Patient demographic information, operative details and outcome data of 104 patients with diffuse calcified coronary artery disease were retrospectively analyzed with respect to functional capacity (NYHA), angina pectoris (CCS) and mortality. Actuarial survival was reported using a Kaplan-Meyer analysis.
Results
Between August 2001 and March 2005, 104 patients underwent coronary artery bypass grafting (CABG) with adjunctive coronary endarterectomy (CE) in the Department of Thoracic-, Cardiac- and Vascular Surgery, University of Goettingen. Four patients were lost during follow-up. Data were gained from 88 male and 12 female patients; mean age was 65.5 ± 9 years. A total of 396 vessels were bypassed (4 ± 0.9 vessels per patient). In 98% left internal thoracic artery (LITA) was used as arterial bypass graft and a total of 114 vessels were endarterectomized. CE was performed on right coronary artery (RCA) (n = 55), on left anterior descending artery (LAD) (n = 52) and circumflex artery (RCX) (n = 7). Ninety-five patients suffered from 3-vessel-disease, 3 from 2-vessel- and 2 from 1-vessel-disease. Closed technique was used in 18%, open technique in 79% and in 3% a combination of both. The most frequent endarterectomized localization was right coronary artery (RCA = 55%). Despite the severity of endstage atherosclerosis, hospital mortality was only 5% (n = 5). During follow-up (24.5 ± 13.4 months), which is 96% complete (4 patients were lost caused by unknown address) 8 patients died (cardiac failure: 3; stroke: 1; cancer: 1; unknown reasons: 3). NYHA-classification significantly improved after CABG with CE from 2.2 ± 0.9 preoperative to 1.7 ± 0.9 postoperative. CCS also changed from 2.4 ± 1.0 to 1.5 ± 0.8
Conclusion
Early results of coronary endarterectomy are acceptable with respect to mortality, NYHA & CCS. This technique offers a valuable surgical option for patients with endstage coronary artery disease in whom complete revascularization otherwise can not be obtained. Careful patient selection will be necessary to assure the long-term benefit of this procedure.
doi:10.1186/1749-8090-4-52
PMCID: PMC2756249  PMID: 19772645
19.  Myocardial ischemia with left ventricular outflow obstruction 
We report an unusual case of a 32-year old man who was treated for a hypertrophic obstructive cardiomyopathy (HOCM) with a DDD pacing with short AV delay reduction in the past. Without prior notice the patient developed ventricular fibrillation and an invasive cardiac diagnostic was performed, which revealed a myocardial bridging around of the left anterior descending artery (LAD). We suspected ischemia that could be either related to LAD artery compression or perfusion abnormalities due to AV delay reduction with related to diastolic dysfunction.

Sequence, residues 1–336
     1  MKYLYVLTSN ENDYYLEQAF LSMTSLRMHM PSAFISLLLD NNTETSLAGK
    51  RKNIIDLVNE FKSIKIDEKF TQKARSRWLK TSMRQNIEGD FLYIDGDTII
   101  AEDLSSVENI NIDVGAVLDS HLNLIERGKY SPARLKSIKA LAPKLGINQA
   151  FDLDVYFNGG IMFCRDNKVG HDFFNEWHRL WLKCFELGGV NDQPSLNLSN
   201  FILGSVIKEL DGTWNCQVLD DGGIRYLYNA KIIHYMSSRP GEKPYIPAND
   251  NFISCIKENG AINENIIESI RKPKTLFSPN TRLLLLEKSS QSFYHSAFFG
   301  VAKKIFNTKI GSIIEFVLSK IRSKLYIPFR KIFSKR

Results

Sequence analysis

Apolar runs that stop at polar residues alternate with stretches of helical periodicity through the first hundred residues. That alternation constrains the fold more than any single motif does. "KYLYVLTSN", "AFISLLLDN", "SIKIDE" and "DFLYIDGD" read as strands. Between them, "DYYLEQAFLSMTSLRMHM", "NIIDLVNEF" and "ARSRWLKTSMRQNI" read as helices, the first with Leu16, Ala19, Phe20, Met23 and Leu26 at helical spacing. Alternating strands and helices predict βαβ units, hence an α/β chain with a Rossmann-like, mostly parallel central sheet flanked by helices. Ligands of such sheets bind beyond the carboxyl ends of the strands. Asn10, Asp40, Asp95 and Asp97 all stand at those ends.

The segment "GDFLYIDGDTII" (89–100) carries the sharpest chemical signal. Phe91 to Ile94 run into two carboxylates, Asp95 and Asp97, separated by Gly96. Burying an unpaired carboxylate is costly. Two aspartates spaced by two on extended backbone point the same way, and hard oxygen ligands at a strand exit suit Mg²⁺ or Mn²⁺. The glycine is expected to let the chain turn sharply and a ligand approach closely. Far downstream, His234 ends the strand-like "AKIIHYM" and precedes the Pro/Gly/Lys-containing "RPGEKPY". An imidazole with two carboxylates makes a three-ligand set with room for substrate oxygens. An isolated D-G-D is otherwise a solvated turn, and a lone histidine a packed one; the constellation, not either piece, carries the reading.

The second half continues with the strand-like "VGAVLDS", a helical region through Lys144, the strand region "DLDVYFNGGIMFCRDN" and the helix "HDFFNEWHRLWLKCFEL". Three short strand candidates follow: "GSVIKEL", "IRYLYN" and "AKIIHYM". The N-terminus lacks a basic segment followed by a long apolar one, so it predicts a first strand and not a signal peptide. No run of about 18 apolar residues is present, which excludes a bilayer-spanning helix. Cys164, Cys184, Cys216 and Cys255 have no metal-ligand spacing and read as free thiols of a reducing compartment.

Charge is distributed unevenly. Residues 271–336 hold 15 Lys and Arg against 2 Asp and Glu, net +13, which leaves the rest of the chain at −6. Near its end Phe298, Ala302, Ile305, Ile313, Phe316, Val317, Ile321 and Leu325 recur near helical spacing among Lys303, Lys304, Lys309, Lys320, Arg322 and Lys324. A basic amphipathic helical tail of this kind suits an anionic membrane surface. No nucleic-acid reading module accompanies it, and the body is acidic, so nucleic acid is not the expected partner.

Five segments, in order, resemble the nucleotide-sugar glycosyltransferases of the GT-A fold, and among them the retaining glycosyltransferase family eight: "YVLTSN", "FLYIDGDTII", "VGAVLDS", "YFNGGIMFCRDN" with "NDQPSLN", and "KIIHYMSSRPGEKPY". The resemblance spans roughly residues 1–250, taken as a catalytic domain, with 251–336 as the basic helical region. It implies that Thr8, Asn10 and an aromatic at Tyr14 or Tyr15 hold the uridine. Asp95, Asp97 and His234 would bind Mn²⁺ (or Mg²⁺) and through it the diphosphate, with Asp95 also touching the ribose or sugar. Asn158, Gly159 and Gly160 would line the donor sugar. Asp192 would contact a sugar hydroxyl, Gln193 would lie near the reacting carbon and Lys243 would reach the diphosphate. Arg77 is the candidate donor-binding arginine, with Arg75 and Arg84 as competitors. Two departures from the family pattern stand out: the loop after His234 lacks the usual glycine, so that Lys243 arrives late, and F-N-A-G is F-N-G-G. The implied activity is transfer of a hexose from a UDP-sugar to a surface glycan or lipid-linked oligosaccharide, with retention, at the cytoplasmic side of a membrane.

doi:10.1186/1749-8090-4-51
PMCID: PMC2753314  PMID: 19761610
20.  Daptomycin for treatment of methicillin-resistant Staphylococcus epidermidis saphenectomy wound infection after coronary artery bypass graft operation (CABG): a case report 
We report a case of successful treatment of postoperative saphenectomy wound infection of the upper left leg with the antibiotic drug Daptomycin.
doi:10.1186/1749-8090-4-47
PMCID: PMC2753312  PMID: 19747387
21.  K201 improves aspects of the contractile performance of human failing myocardium via reduction in Ca2+ leak from the sarcoplasmic reticulum 
Basic Research in Cardiology  2009;105(2):279-287.
In heart failure, intracellular Ca2+ leak from cardiac ryanodine receptors (RyR2s) leads to a loss of Ca2+ from the sarcoplasmic reticulum (SR) potentially contributing to decreased function. Experimental data suggest that the 1,4-benzothiazepine K201 (JTV-519) may stabilise RyR2s and thereby reduce detrimental intracellular Ca2+ leak. Whether K201 exerts beneficial effects in human failing myocardium is unknown. Therefore, we have studied the effects of K201 on muscle preparations from failing human hearts. K201 (0.3 μM; extracellular [Ca2+]e 1.25 mM) showed no effects on contractile function and micromolar concentrations resulted in negative inotropic effects (K201 1 μM; developed tension −9.8 ± 2.5% compared to control group; P < 0.05). Interestingly, K201 (0.3 μM) increased the post-rest potentiation (PRP) of failing myocardium after 120 s, indicating an increased SR Ca2+ load. At high [Ca2+]e concentrations (5 mmol/L), K201 increased PRP already at shorter rest intervals (30 s). Strikingly, treatment with K201 (0.3 μM) prevented diastolic dysfunction (diastolic tension at 5 mmol/L [Ca2+]e normalised to 1 mmol/L [Ca2+]e: control 1.26 ± 0.06, K201 1.01 ± 0.03, P < 0.01). In addition at high [Ca2+]e, K201 (0.3 μM) treatment significantly improved systolic function [developed tension +27 ± 8% (K201 vs. control); P < 0.05]. The beneficial effects on diastolic and systolic functions occurred throughout the physiological frequency range of the human heart rate from 1 to 3 Hz. Upon elevated intracellular Ca2+ concentration, systolic and diastolic contractile functions of terminally failing human myocardium are improved by K201.
Electronic supplementary material
The online version of this article (doi:10.1007/s00395-009-0057-8) contains supplementary material, which is available to authorized users.
doi:10.1007/s00395-009-0057-8
PMCID: PMC2807967  PMID: 19718543
Human; Heart failure; Contractile performance; Sarcoplasmic reticulum; Ryanodine receptor; K201